Candiria While They Were Sleeping Cover 2016Look up “adversity” in the dictionary, and you’re likely going to encounter a picture of Brooklyn’s Candiria. The legendary hardcore outfit, made infamous through their fusion of hip-hop, freeform jazz, NYC hardcore, and death metal, crushed crowds the world over with their frenetic live show. Influential albums such as 1999’s The Process of Self-Development and 2001’s 300 Percent Density wowed listeners with their amorphous stop-on-the-crest-of-a-dime style changes, ridiculous lyrical flow by frontman Carley Coma, and the ability to keep things heavy. A horrific van accident that nearly killed the band in 2002 disrupted the momentum significantly, causing them to opt for more melodic waters with 2004’s What Doesn’t Kill You… and 2009’s Kiss The Lie, before laying dormant. With a revamped line-up, Candiria finally returns with the ambitious While They Were Sleeping, a concept album based on a failed musician creating a monarchy in this crumbled society.

Now, I noticed that their fanbase generally falls into two distinct camps, and I will address the Pro-Self-Development/300 Percent crowd first. Yes, those two albums were and still are monstrous. However, if you are waiting for a return to that sound, it’s best to move on, as only the opening title track has that staccato-but-fucking-mean vibe that those albums had in droves. New drummer Danny Grossarth has filled Kenneth Schalk’s considerable shoes admirably, keeping groove in his pocket at all times and matching guitarists John LaMacchia and newcomer Julio Arias turn-for-turn as they, along with bassist Michael MacIvor, navigate through twisty riffs and melodic jazz interludes. Coma’s rapping and sick metal growls (last heard on… an Iron Maiden cover? Really!) are replaced with mostly clean singing and a mid-range hardcore bark. Also, many of you will scoff at “Forgotten,” which comes dangerously close to arena rock territory, especially when taken out of context.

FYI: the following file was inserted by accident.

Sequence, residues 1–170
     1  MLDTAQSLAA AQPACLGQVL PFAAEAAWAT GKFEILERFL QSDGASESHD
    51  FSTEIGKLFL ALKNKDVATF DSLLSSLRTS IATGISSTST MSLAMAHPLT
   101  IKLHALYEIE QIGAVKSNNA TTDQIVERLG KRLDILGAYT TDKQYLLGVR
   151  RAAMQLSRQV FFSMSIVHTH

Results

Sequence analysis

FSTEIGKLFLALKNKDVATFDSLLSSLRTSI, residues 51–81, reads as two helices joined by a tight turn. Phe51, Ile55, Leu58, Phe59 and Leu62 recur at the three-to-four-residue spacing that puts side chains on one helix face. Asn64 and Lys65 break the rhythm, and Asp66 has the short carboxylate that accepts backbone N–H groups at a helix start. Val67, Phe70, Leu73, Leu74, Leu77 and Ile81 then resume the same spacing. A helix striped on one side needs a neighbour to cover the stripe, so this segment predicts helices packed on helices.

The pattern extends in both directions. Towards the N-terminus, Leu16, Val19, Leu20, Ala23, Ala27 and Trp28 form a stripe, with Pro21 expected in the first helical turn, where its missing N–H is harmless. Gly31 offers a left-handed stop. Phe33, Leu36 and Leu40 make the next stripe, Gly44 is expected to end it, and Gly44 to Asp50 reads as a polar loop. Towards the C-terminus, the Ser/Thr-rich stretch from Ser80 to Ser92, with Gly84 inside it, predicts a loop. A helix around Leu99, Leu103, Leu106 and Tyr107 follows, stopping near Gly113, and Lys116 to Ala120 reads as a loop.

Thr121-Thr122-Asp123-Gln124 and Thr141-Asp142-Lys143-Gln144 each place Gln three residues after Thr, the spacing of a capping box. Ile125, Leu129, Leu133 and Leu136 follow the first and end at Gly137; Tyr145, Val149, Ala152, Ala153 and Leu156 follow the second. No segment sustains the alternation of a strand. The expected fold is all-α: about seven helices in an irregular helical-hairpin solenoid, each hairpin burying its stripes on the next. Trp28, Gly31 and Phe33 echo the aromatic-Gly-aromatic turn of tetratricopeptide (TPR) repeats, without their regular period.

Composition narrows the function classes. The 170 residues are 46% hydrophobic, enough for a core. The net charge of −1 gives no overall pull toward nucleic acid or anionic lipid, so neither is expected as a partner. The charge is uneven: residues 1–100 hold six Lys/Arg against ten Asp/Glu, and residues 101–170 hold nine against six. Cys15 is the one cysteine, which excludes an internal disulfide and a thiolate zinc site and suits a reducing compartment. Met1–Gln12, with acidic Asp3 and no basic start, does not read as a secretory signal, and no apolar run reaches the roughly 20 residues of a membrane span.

Now that the first crowd got what they came here for, let’s explore the last five words of the previous paragraph because, within or without the context of the album, “Forgotten” is a great song. The chorus is rousing, the message of not throwing away your dreams is meaningful, and the gang chorus at the end brings the emotional gravitas of the song to a perfect end. In fact, While They Were Sleeping, front-to-back, is easily among Candiria‘s strongest albums, and it’s due in no small part to Coma’s performance and lyrics. The middle of “Mereya” sees the band branching out to smoother jazz territory, with Coma flexing his scat-singing skills before flowing into one impressively long scream, and engaging his personal beast mode to end things. “Opaque,” the band’s first attempt at a ballad, touches with a somber bass and guitar melody, and some of Coma’s best singing to date.

Candiria Band 2016